Implementation Strategies for Early Childhood Care Coordination and Linkage in Community Health Centers

ECDHS: Evidence to Impact Center
Past Center Event, Presentation
May 30, 2024
This webinar focused on applying implementation strategies for early childhood development care coordination and linkage for patients 0-5 in community health centers.
medical professional woman with toddler and mother

On May 30, 2024, the ECDHS: Evidence to Impact Center hosted a webinar focused on implementation strategies for early childhood development (ECD) care coordination and linkage in community health centers. The webinar was held with representatives from 151 health centers funded by the Health Resources and Services Administration (HRSA) to improve developmental outcomes among children ages 0-5 through increased screenings and follow-up services.

Dr. Marian Earls, developmental-behavioral pediatrician, and Dr. Liz Isakson, executive director for Docs for Tots – along with experts from the American Academy of Pediatrics and Help Me Grow National Center – shared stories from the field, community health center approaches, overview of resources, and tests of change opportunities to help health center attendees:

  1. Identify at least one strategy to support ECD referral and follow-up.
  2. Recognize strategies to establish relationships with referral agencies.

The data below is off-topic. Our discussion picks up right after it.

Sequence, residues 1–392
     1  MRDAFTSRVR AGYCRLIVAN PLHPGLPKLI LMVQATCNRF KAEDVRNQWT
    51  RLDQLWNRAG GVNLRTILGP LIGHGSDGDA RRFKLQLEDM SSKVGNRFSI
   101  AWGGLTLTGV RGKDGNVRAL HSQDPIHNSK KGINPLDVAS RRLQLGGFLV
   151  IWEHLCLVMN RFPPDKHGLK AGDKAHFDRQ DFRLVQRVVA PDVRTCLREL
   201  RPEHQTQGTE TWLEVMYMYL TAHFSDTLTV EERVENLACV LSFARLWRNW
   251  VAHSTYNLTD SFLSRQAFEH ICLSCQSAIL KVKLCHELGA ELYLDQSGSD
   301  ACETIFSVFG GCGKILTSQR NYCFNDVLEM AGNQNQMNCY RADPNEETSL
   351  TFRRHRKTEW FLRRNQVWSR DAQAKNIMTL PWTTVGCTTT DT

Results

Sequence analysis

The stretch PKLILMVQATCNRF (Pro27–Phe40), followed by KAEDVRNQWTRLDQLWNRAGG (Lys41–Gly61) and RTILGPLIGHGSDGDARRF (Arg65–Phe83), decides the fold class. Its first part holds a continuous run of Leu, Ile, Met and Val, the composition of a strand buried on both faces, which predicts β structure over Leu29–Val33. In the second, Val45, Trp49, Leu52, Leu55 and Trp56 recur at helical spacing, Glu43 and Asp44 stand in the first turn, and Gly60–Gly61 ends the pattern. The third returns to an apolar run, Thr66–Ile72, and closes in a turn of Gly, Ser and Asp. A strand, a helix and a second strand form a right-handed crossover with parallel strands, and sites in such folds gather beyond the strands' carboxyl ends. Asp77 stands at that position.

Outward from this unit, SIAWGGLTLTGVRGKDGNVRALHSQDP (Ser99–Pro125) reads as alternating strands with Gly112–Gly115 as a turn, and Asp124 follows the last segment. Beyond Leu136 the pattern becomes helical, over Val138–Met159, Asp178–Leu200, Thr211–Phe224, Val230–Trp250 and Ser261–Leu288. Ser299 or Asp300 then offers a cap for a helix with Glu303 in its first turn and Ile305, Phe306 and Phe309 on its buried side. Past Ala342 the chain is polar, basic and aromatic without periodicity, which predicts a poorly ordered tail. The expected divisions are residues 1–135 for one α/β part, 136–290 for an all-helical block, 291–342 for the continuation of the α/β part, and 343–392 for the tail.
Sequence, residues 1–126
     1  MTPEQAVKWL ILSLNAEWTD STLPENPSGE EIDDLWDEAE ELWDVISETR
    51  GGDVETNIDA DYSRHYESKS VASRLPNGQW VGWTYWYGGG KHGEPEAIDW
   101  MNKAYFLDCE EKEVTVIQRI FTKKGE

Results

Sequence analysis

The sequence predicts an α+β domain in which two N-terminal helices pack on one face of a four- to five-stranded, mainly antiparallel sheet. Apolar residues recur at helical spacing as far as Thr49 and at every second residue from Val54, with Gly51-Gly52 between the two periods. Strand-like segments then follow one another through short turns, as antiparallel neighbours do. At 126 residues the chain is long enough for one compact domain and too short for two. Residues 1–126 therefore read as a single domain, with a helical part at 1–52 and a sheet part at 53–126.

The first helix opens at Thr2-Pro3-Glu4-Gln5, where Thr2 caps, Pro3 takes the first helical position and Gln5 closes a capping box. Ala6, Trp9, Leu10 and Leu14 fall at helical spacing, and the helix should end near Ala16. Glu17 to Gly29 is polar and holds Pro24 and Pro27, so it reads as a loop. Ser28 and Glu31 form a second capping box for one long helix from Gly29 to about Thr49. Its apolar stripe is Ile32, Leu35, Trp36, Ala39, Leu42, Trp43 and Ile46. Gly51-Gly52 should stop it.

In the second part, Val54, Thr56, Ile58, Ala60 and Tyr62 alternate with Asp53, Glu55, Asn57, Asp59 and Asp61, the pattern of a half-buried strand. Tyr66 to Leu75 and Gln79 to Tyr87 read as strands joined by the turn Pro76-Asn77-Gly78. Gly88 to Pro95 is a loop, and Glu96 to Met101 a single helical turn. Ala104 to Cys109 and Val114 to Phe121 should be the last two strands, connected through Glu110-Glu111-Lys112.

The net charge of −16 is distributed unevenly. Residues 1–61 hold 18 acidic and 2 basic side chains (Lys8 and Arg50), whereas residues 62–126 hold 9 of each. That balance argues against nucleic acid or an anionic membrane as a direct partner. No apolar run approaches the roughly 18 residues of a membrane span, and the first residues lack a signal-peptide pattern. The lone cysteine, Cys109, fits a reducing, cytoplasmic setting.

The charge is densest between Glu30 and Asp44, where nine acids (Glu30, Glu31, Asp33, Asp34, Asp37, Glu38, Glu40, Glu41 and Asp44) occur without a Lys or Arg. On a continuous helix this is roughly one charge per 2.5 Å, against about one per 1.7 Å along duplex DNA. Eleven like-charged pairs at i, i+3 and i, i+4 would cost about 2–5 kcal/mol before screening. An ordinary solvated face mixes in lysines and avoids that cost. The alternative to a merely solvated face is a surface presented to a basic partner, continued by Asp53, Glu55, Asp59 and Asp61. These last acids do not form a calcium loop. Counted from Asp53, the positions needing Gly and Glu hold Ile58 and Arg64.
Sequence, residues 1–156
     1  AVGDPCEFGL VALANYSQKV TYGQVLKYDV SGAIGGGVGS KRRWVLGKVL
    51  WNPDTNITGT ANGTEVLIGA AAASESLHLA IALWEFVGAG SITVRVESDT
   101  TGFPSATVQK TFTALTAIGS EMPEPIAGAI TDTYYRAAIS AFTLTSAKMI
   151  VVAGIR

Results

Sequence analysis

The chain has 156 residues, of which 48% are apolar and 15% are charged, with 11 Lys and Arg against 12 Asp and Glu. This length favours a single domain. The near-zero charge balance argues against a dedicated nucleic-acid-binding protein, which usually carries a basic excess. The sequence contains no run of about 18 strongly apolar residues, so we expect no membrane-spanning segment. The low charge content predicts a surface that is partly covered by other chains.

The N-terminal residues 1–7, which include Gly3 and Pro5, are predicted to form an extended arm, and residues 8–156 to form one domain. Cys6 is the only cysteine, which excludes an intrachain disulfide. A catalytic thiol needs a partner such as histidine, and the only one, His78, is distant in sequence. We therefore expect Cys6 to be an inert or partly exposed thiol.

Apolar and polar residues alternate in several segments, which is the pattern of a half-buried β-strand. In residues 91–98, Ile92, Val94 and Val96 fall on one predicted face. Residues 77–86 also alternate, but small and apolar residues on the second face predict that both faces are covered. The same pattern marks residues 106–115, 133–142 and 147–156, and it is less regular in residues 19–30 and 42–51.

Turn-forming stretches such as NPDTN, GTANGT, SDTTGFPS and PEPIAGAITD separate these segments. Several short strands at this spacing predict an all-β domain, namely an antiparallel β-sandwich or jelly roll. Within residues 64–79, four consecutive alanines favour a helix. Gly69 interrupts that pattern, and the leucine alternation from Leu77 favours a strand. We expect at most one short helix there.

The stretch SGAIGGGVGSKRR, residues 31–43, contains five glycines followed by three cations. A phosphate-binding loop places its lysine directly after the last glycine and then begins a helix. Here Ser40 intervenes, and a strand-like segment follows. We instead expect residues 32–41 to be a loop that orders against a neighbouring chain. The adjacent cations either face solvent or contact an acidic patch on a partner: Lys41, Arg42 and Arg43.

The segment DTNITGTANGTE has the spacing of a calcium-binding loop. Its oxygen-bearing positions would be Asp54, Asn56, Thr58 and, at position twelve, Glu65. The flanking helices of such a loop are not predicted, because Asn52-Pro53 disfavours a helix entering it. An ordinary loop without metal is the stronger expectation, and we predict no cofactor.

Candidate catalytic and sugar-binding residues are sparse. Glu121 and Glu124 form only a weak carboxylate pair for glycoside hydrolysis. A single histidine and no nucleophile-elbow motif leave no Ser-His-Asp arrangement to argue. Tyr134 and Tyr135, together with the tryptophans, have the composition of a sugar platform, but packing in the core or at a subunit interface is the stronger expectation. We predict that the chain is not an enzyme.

3. Describe communication feedback loops so children and their families can access ECD services.

Watch the recording and see webinar highlights below to learn more.

Key Takeaways

  • Team-directed care helps improve care through population management, increase efficiency, strengthen family relationships, and engage family leaders.
  • Bailit and value-based payment supports implementing risk-based pediatric screening, interventions, robust linkages, and referrals.
  • Risk stratification helps assure team continuity for well-child appointments, gives extra time to schedule appointments, enhances pre-visit planning and care coordination, facilitates tracking outcomes, and helps families feel heard and understood.
  • Referral and linkage require partnering with networks outside of the health center to link to health, education, and social support systems. It is important to think about the different types of connections for families, including community-based supports, early intervention, sub-specialty care, and child care. Many communities have existing referral networks, lists, and coalitions that can support connections.
  • Referral and linkage take time and a team to move into territory outside of the health center, and the work is not linear. Building a continuum of care means building solid, longstanding relationships across providers that touch the lives of families with young children.
  • Community partnership is a two-way street and helps ensure stable, relationship-based referrals for families. Health centers do not “have to go it alone” when building community partnerships – there are existing resources, services, and systems.